When Merrimack’s Mike Collins scored at 1:15 of the first period in Saturday night’s game against Boston University, the Warriors did something that no team had done in nearly three weeks – score a power play goal against BU.
BU had killed 32 consecutive penalties entering Saturday’s game, including 10 against the Warriors on Friday night. Merrimack finally solved the Terriers penalty kill in the opening seconds and then, before the period was out notched another goal on the man advantage.
Suddenly, the potent PK didn’t look all that great.
Giving credit where credit is due, Merrimack solved a puzzle few teams have this season. In fact, only two other teams have scored with the man advantage against BU, which entered Saturday leading the nation in penalty kill percentage.
So what was head coach Mark Dennehy’s formula to finally cracking the Terriers PK?
“When they pressure you like that, the key is to keep the puck moving,” said Dennehy, whose club is a modest 15.9 percent on the power play this season. “You have to have a lot of poise because you know somebody’s coming.”
Dennehy said in addition to quick puck movement, BU’s pressure on the PK translates to the power play unit needing to get the Terriers out of position.
“We’ve worked with a lot on being where they need to be to spread the zone,” Dennehy said. “If [BU is] going to attack us there, there should be a few seems and we can get it to the net.”
Dennehy also went out of the way to say that the main focus of the power play isn’t always to score. In Friday’s game, the 10 opportunities, while none were cashed in, still helped in earning the Warriors a 1-1 tie.
“At the end of the day, even a good power play is going to fail 80 percent of the time,” Dennehy said. “You’re looking for momentum switches and you’re looking for opportunities and [on Friday] we had plenty of chances. We may not have scored, but our power play moved it around as well as it had in a while.”
By the way, Merrimack itself is pretty good at killing penalties. BU was a collective 0-for-13 on the weekend on the power play. That boosted Merrimack to 45-for-48 killing penalties on the season. The 93.8 percent efficiency – yeah, that’s good for the best penalty kill in the country, supplanting none other than Boston University.
So now that Mark Dennehy’s team has figured out how to score on the man advantage against the Terriers, it’s now up to every other team in the country to figure out how to score on the power play against the Warriors.
I was thinking…
Dave may be handling the bulk of the writing this week, but that hasn’t kept my mind from pondering a few things about Hockey East. So while I’m here, I might as well share them with you:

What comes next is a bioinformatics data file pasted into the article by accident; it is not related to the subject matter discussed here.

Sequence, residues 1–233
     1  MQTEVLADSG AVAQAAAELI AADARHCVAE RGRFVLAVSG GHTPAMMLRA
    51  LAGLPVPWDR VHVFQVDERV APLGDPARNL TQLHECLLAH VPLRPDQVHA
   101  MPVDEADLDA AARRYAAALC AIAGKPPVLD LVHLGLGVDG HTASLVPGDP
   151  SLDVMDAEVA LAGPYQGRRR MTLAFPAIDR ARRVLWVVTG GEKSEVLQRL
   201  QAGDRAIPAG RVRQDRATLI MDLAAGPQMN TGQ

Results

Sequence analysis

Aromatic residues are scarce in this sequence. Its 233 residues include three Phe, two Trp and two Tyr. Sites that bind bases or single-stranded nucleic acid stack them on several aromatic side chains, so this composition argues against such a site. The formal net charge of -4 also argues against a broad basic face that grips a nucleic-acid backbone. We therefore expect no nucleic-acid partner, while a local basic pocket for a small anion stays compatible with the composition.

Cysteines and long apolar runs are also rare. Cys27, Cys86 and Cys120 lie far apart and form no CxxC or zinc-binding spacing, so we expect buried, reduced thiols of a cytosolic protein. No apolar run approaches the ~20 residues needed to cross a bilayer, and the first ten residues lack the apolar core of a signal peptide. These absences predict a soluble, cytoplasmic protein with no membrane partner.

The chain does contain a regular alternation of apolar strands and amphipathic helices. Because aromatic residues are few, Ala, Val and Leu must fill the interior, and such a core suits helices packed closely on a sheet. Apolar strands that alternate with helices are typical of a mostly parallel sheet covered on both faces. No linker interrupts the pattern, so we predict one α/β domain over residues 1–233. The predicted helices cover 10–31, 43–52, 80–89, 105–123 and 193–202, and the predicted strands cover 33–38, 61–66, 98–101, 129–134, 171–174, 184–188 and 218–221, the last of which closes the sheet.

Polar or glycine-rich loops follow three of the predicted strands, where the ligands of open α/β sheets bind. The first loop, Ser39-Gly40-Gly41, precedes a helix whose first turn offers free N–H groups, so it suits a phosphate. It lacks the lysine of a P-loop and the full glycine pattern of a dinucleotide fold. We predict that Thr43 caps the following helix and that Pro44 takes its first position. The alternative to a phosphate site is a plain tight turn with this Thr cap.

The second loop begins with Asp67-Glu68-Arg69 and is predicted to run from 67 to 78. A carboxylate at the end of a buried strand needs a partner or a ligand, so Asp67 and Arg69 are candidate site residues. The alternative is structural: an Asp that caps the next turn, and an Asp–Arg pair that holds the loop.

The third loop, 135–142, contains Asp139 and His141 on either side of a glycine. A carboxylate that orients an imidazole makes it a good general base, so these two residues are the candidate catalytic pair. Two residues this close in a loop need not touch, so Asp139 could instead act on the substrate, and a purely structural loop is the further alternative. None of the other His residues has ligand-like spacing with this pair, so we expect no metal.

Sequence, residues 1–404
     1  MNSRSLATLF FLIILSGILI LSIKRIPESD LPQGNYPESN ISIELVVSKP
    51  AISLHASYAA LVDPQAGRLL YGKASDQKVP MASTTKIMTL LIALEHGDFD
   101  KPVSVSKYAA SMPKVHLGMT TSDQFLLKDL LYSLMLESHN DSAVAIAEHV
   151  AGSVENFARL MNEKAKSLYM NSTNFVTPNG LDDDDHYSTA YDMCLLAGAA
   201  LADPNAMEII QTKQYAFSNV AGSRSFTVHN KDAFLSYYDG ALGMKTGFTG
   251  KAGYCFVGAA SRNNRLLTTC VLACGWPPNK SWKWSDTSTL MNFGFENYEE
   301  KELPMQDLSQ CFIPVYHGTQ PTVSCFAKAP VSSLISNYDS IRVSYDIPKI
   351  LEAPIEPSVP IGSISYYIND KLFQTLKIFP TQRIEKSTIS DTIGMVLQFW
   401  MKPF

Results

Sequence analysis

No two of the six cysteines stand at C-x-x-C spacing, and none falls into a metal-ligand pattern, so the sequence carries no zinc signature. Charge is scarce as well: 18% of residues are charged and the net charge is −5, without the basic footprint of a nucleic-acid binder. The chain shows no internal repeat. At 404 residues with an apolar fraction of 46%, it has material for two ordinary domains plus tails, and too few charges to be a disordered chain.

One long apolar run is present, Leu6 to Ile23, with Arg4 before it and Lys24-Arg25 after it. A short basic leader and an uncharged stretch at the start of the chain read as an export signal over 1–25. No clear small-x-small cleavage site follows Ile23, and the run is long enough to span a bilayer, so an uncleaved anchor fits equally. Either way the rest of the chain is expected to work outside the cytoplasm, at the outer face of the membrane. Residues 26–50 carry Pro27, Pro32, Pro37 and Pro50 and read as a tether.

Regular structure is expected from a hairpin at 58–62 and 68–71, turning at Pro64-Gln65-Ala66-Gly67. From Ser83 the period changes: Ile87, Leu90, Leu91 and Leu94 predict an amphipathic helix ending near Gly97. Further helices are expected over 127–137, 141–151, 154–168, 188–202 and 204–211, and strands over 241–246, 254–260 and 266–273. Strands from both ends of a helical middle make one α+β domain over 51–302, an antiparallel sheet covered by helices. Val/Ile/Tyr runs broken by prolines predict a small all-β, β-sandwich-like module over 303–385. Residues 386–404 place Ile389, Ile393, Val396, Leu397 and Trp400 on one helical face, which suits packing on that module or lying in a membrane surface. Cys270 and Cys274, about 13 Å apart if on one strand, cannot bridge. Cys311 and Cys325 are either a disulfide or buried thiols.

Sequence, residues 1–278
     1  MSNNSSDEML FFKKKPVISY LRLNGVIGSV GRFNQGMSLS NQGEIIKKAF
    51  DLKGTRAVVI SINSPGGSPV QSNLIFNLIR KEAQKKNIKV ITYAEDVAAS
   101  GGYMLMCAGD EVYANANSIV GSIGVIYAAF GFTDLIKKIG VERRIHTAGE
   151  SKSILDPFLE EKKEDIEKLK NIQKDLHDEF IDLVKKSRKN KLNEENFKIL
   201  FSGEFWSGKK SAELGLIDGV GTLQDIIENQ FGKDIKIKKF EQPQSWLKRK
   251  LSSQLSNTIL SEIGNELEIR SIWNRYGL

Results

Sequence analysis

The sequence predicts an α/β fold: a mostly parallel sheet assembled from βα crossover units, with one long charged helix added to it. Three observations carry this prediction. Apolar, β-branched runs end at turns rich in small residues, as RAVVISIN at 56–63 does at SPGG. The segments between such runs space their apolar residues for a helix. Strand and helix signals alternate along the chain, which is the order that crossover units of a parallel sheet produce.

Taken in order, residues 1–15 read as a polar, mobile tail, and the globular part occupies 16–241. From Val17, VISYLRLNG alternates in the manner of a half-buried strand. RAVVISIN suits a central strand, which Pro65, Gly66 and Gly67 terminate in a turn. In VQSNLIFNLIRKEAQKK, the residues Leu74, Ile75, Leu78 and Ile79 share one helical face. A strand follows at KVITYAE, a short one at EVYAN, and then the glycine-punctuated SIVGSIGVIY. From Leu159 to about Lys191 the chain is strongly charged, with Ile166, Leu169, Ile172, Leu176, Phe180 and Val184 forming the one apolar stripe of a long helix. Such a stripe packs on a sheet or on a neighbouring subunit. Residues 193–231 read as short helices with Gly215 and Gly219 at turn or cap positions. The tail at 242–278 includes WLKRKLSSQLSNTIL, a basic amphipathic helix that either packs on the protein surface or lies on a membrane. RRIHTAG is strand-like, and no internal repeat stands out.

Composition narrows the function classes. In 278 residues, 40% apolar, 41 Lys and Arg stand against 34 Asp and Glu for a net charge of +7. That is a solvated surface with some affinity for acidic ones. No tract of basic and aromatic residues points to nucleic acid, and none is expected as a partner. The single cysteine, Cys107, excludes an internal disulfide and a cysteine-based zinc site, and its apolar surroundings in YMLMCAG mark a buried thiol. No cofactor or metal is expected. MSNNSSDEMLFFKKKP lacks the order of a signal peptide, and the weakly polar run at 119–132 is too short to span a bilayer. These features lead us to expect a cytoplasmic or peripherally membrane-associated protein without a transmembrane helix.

• When Gustav Nyquist announced last April he would be returning to Maine, I thought for sure he’d be the hands down favorite to win the Hobey Baker this year. That was until I began looking at some stats this week and noticed that Miami’s Carter Camper already has 28 points. Seriously? 28 points in just 12 games. How can anyone touch that? Nyquist still has decent numbers (four goals and 15 points in 10 games). But seriously, will anyone even threaten Camper for the national scoring title this year? The kid keeps this pace up and we could be talking Paul Kariya-like numbers.
• Is there anyone out there who doesn’t feel a tad sorry for Massachusetts right now? It’s tough enough that the Minutemen are halfway through November without a win. But last Saturday, after a no-show loss the night before, UMass finally was in position to win – and a heck of a win it would have been. The Minutemen scored with 62 seconds left in regulation to take a 3-2 lead against the New Hampshire, only to have the Wildcats respond 20 seconds later with an extra attacker goal to tie the game. I’m sure many of you out there figured it would be another zero point weekend for UMass so any points seem significant. But when you’re that close to your first win, a tie just doesn’t feel good.
• Northeastern is another of the down-on-its-luck teams and last weekend did little to improve that. Playing at Maine, a place that has been pretty much a living hell over the years for NU, the Huskies led late into the second period on Friday night and then carried a lead into the third on Saturday. Both nights, though, Maine exploded in the third and earned 4-2 wins. Couple that with three straight home losses against Atlantic Hockey clubs the weeks prior – two of which saw NU blowing either late-second period or third period leads – and you have to wonder if the Huskies straight out have problems closing out games.